A month back, I was at the airport on the way home. And I had decided this time that I would not be carrying any book along. This one week at home is supposed to be spent with family and not with a book.
And, guess what? I end up not only buying a book at the airport, but also spend the first two days at home glued to the book. Just had to.
Have to admit, this is probably the first time that a book has been marketed so well that I just had to pick it up impulsively. A complete wall at the book store at the CSIA was branded with this latest offering from westland. A new author and I had not yet heard of the book, but the blurb on the backside just gave me in. I HAD TO READ THIS BOOK.
31 by Upendra Namburi. Have to say, the title of the book does build up curiosty.
31 stands for the 31 days in the month of March, and the book is neatly laid out with each chapter detailing each day of the month.
Corporate thriller is not an easy genre to crack, and Upendra Namburi has given it a very good shot. Upendra succeeds in building an indian perspective and ensuring the humour is intact throughout the book. Any working individual would relate to most, if not all of the problems faced by Ravi Shastri, the main character in the book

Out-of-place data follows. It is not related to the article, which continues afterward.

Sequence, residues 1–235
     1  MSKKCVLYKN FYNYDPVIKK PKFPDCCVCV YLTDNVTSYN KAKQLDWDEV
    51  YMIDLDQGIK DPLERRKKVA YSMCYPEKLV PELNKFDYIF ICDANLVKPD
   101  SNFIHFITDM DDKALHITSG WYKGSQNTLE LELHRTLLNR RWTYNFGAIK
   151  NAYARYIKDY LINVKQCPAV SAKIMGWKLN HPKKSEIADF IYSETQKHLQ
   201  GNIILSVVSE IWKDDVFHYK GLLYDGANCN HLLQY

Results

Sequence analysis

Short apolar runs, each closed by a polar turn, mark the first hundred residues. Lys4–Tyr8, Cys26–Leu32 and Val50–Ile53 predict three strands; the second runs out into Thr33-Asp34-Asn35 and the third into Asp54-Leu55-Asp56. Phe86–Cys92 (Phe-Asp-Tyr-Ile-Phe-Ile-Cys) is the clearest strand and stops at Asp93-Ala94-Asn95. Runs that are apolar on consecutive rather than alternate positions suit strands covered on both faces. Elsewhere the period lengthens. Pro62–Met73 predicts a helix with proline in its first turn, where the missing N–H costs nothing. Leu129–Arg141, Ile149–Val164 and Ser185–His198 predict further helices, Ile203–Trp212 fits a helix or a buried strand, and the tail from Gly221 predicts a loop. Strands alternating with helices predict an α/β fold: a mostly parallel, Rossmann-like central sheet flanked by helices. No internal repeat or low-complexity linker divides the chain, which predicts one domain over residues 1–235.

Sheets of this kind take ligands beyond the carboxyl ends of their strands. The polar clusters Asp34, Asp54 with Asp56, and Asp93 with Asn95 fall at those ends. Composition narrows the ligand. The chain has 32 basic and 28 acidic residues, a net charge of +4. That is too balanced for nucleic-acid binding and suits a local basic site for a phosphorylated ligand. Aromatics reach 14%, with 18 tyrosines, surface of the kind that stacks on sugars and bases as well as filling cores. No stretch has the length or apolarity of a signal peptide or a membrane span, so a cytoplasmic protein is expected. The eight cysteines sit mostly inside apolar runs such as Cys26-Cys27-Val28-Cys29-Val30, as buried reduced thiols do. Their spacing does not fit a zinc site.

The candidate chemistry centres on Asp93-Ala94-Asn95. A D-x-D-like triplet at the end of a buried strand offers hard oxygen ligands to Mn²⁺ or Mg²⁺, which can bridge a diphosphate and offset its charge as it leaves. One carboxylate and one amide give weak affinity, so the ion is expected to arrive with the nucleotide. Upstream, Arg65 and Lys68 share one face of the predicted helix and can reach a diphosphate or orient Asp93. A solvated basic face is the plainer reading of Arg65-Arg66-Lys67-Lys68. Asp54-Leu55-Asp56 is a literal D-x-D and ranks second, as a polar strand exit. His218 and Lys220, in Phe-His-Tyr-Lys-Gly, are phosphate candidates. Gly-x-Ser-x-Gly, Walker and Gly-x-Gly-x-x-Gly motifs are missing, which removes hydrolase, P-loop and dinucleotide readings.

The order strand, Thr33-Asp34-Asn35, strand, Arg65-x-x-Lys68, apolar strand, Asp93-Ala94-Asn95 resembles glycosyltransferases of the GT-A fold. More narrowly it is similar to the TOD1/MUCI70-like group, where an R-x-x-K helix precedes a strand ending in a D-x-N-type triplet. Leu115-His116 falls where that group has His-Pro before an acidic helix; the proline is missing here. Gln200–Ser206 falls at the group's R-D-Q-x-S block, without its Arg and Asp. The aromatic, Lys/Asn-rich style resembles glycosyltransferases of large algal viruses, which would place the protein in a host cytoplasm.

Talking about the Story, the first few chapters are used in introducing the characters and the setting of the book. The protagonist is in a multinational Bank as a branch manager for south. He just completes February month on a high, and is all geared up for the last month of the financial year.
Target achievements, appraisals, reviews and pressures – all of these sound so familiar. Ravi Shastri is your regular professional trying to make a mark in this big bad world. All the clichés – an over demanding boss, Difficult recessionary times, head count reduction, arrogant HR guy, an even more arrogant top management, ex-flame, wife, kids and parents and of course the Black berries and twiiter. Upendra ensures all of them are tied in complete tandem with the main story.
One thing to be highlighted here is the way twitter is used in the main story to add continuation.
The litmus test for any thriller is the ending and Upendra does a fair job. Speaking any more of the ending would rob you of the pleasure of reading the book, and thus I keep my mouth shut.
Without doubt, do pick this up. One of the better Indian books that I have read this year.